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  1. #1
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    Nighttime commuting....

    My work schedule switched to nights and I was wondering if anyone has any advice for nighttime commuting. I have the lights and I will get a reflective vest and wear the brighter colors.....is there anything else anyone can think of I may have missed?

  2. #2
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    My 10 mile commute is at 5 am, most of which is on major roads.
    I use a 1000 lumen LuminTrek handlebar light, a seat post light (Planet Bike Superflash), another Superflash on my backpack and another flashing light on the back of my helmet (planet bike "Blinky 3H). Also I have a green "SpokeLit LED light" on each wheel for lateral visibility. The cost is:
    LuminTrak = $100, 2-Super flash= $70, Blinky 3H = $25, 2-SpokeLit = $40, plus batteries = less than $5/month.
    I am really lit up! People have laughed and yelled out to me that I look like a Christmas tree.
    I was hit by a car about 10 years ago because they did not see me. This is will not happen now, because I am blazing!
    I have been commuting by bike for 15 years, averaging between 3000 to 4000 miles per year.
    Spend the money for lights, you will be safer and feel much more confident that drivers see you.
    On the plus side, there is way less traffic at night. Enjoy.
    The truth will set you free... But first it will piss you off

  3. #3
    I Ride for Donuts
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    ^^ I find that people generally give me more room at night. People respect lights. It's weird.
    You have no excuse for driving to work
    (unless you don't have studded tires)
    (no excuse for that either)

  4. #4
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    Find safe alternate routes, if possible. Depending on the area (city, close to bars, etc) riding at night on/near weekends can get sketchy if you're dealing with a lot drunk drivers.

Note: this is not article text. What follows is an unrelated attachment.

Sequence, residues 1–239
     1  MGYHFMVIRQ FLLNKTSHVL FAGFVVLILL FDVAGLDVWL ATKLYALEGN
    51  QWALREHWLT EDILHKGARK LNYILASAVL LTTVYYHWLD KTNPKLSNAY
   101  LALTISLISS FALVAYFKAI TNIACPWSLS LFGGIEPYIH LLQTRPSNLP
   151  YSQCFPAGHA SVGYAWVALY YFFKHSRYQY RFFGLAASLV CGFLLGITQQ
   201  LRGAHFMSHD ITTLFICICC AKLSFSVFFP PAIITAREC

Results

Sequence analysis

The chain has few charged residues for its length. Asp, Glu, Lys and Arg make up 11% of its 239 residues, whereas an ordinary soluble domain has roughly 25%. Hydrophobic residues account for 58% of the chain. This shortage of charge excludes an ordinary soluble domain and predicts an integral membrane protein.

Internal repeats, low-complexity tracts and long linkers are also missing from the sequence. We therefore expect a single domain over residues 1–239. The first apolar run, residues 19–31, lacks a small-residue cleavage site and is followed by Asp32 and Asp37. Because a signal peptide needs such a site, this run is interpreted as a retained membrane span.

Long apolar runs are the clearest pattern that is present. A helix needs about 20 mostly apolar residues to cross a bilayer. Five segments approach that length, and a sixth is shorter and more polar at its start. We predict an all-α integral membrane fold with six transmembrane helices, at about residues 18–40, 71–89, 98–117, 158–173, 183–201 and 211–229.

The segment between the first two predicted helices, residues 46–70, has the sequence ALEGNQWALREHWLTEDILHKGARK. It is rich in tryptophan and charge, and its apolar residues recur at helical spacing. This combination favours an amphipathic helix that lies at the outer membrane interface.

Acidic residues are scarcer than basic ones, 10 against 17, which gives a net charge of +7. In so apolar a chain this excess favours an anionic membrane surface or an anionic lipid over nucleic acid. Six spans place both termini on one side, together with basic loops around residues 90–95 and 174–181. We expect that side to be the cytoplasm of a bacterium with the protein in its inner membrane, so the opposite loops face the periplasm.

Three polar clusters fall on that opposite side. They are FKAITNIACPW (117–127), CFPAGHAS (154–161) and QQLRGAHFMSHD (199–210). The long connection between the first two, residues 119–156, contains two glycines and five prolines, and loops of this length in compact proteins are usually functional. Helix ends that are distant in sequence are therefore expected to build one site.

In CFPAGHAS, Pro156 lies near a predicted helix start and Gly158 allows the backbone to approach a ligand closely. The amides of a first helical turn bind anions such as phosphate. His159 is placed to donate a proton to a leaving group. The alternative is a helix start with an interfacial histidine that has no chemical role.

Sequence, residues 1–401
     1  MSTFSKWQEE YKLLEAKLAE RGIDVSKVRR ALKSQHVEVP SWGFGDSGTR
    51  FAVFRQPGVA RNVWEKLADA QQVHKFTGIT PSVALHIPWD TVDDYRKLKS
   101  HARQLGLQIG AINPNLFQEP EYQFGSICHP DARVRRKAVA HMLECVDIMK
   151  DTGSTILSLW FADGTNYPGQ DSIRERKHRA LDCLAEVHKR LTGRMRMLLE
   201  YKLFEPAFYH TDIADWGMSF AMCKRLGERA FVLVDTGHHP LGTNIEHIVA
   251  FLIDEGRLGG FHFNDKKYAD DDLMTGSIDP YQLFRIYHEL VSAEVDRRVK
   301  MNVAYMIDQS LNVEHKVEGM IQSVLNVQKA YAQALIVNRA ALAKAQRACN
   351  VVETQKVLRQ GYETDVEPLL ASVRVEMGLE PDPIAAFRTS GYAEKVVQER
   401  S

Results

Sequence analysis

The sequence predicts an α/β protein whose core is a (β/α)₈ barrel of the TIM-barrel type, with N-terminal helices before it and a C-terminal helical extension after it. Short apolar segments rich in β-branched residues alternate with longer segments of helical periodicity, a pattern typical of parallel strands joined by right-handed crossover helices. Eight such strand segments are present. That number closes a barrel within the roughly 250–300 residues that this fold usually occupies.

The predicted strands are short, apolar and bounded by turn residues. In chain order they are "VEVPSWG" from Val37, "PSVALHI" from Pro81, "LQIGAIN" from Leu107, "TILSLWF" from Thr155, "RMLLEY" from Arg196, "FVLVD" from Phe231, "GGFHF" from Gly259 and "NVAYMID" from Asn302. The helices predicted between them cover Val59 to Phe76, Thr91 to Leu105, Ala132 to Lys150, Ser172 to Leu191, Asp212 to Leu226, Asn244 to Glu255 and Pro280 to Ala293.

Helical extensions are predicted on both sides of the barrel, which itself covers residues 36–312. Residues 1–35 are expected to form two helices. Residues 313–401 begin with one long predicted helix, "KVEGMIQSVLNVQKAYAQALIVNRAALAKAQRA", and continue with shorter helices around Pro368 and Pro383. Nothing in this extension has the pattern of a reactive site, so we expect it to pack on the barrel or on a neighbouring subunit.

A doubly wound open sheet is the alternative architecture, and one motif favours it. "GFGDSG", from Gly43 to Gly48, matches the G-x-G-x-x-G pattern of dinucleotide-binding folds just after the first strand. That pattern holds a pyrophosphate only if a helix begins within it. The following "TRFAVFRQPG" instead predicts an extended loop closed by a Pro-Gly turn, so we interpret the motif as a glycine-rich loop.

Oh noes. I'm going to drink the Kool-Aid.

  5. #5
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    Good suggestions already. And yes, night riding seems safer (less traffic, less aggressive traffic, and more courtesy) if you avoid close proximity to bars.

    Carry redundant lights. Small flashlight(s) to get you home if you have a headlight failure. Or separate helmet and front lights so if one goes out, you are OK. Double or triple rear lights so if one dies, falls off, or self shuts off, your butt is covered. There is some debate about this, but my experience suggests at least one read light should be on steady mode to help divers determine your distance and speed. Also don't forget reflective tape and devices, but remember they only work well when you are in the car's headlight beams (about 1-2 seconds form being directly in front of a cross street driver. The reflectors on pedals or reflective ankle straps show approaching traffic in either direction that you are a cyclist, and what you cadence is (hell bent for leather or coasting).

  6. #6
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    Quote Originally Posted by Tan&Green View Post
    I have the lights and I will get a reflective vest and wear the brighter colors....
    describe your light setup. I see a lot of people riding the streets at night with "lights" but they are pathetic little lights with low batteries that I can barely see until I am almost on top of them. As a driver, I hate passing people with crappy illumination.

    I like having two tail lights- one blinking and one steady. same for the front- one BRIGHT, steady light that illuminates the road in front of me so I can see where I am going, and one small blinky light to get drivers' attention.

    also, there is such a thing as "too much light." if the lights are blinding and annoying, they are just going to piss off drivers.

  7. #7
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    Quote Originally Posted by Tan&Green View Post
    My work schedule switched to nights and I was wondering if anyone has any advice for nighttime commuting. I have the lights and I will get a reflective vest and wear the brighter colors.....is there anything else anyone can think of I may have missed?
    Re evaluate your route and potential changes....to make it safer for nighttime riding.

  8. #8
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    Use a combination of bright lights and reflective gear/tape on the bike. I think running individual lights that have more than a few hundred lumens is overkill, but running multiples of them (so you can have a steady one and a blinking one at the same time, or one on the bike and one on the helmet, for example) is not a bad idea. I run two taillights - my brighter one on the bike, and a lighter, dimmer one attached to the back of my helmet. I was liberal with the reflective tape on my pannier boxes (lots of surface area to work with). I also have lights and reflective area on my wheels. my rims are reflective (not blazingly so, but every little bit helps), and I have a bright green reflector in the spokes, in addition to a blinky. That rotation helps people identify you as a bike from the side.